Now you can get the right tape for the right job. We will discuss the WD40 later!
April 25, 2011
You just had city water installed, and now your hot water tank is leaking out of the relief valve! The following information will provide steps to help you solve the problem.
The first rule to remember is that as water is heated, it will expand. Before getting city water you likely had a pump and cold water expansion tank in your house. As the water heater did its job, the expanded water would push back the line into the expansion tank.
It is common after installing city water to have no expansion tank and a check valve installed in the new waterline. When the hot water tank heats water, the expanded water has nowhere to go, thus building excess pressure and blowing it out of your water heater relief valve.
Wilkins Expansion tank - item 41-300
The solution is to install a small expansion tank on the cold water line above your water heater.
We carry an expansion tank for hot water. It is our item # 41-300, a Zurn XT-8. A tee fitting is required for the cold water line to go to a ¾ “ female pipe thread to accept the tank threads. You will need enough room for the tank to hang. It is advisable to have some support for the water line as well, to avoid putting undo strain on it, causing it to break and create another problem.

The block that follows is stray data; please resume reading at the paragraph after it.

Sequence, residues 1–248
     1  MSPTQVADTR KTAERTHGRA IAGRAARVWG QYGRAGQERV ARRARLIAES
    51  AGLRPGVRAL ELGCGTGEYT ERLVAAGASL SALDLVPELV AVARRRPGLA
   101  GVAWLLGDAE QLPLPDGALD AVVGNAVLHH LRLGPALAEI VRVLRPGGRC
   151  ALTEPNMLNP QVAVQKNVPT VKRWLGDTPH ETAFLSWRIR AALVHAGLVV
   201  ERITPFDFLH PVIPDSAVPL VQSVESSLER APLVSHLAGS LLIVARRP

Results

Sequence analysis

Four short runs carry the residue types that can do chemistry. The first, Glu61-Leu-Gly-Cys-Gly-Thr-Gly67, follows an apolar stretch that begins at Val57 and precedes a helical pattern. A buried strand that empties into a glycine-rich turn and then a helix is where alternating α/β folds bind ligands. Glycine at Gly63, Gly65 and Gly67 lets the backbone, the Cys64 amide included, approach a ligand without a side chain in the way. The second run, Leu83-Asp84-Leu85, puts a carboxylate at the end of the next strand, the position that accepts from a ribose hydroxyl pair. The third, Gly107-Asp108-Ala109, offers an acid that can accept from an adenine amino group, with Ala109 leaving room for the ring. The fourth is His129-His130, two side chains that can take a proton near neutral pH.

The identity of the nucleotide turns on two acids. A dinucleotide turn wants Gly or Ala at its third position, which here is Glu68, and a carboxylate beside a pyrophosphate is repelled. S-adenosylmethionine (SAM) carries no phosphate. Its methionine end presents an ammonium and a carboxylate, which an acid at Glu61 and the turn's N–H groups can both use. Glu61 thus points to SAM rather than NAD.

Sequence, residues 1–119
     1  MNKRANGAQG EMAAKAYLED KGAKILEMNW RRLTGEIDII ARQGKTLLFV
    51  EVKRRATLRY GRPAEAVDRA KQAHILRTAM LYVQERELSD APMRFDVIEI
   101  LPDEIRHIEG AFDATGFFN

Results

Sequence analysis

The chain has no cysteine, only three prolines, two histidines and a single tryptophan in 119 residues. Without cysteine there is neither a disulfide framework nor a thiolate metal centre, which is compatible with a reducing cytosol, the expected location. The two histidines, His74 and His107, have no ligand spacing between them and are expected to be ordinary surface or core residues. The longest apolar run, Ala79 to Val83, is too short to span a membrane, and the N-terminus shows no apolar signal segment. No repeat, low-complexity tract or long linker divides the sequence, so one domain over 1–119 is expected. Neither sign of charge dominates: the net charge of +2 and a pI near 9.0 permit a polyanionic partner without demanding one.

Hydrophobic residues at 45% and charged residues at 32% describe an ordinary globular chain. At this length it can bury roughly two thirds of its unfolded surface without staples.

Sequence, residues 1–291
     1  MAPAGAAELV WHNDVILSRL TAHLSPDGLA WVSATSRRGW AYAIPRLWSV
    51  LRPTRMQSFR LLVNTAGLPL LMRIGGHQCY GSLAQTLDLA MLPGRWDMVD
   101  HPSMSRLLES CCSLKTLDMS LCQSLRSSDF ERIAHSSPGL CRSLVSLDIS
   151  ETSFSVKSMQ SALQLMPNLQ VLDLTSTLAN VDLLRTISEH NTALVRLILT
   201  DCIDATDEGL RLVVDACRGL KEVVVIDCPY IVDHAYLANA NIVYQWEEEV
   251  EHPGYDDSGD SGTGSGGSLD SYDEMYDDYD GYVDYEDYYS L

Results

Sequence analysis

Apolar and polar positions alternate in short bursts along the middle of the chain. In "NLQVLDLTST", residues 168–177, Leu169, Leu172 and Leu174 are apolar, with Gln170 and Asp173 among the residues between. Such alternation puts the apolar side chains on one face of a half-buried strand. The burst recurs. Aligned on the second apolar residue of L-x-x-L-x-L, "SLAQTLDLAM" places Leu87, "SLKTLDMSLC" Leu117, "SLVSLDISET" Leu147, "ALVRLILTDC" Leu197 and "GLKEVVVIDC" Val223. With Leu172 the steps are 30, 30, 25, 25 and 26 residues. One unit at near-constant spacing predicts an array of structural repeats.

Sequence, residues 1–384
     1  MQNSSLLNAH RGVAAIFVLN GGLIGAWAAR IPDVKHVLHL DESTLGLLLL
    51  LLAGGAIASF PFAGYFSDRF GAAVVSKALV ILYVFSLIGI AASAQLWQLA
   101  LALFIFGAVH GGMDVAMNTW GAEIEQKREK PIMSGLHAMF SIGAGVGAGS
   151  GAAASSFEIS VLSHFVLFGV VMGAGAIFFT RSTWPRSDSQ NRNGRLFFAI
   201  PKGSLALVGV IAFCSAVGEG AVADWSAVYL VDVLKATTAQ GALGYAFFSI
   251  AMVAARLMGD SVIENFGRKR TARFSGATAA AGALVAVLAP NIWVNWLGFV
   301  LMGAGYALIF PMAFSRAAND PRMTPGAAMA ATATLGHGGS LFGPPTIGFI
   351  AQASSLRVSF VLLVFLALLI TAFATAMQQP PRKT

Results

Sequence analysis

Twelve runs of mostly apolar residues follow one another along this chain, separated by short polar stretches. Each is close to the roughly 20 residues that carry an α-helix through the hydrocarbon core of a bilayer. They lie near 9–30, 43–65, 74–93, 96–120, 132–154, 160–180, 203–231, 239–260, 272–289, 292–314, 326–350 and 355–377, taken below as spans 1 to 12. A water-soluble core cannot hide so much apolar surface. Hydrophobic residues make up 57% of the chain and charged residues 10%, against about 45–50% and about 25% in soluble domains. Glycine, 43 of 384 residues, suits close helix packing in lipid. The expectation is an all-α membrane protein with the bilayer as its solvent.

You may also want to replace the relief valve, our item 41-274, on your water heater as it may still drip after being opened by high pressure a few times.
Good article on expansion tanks from a code point of view:
Here is a link to Zurn’s installation document. for the XT expansion tank.
April 14, 2011
If I run out of water, can it damage my pump?
Submersible pumps are more susceptible to damage than jet pumps. Pumps are cooled and lubricated by the water flowing through them. The impellers of a submersible pump will quickly begin to melt and fuse together when the water level drops below the intake screen of the pump. Running without water even one time can cause the pump to lock up or seriously degrade the pump’s performance. A jet pump may run quite awhile without damage but they can also overheat. The impeller, diffuser, shaft seal or motor could be ruined. Because this type of damage is not from a defect in the pump, it is not covered by the manufacturer’s warranty.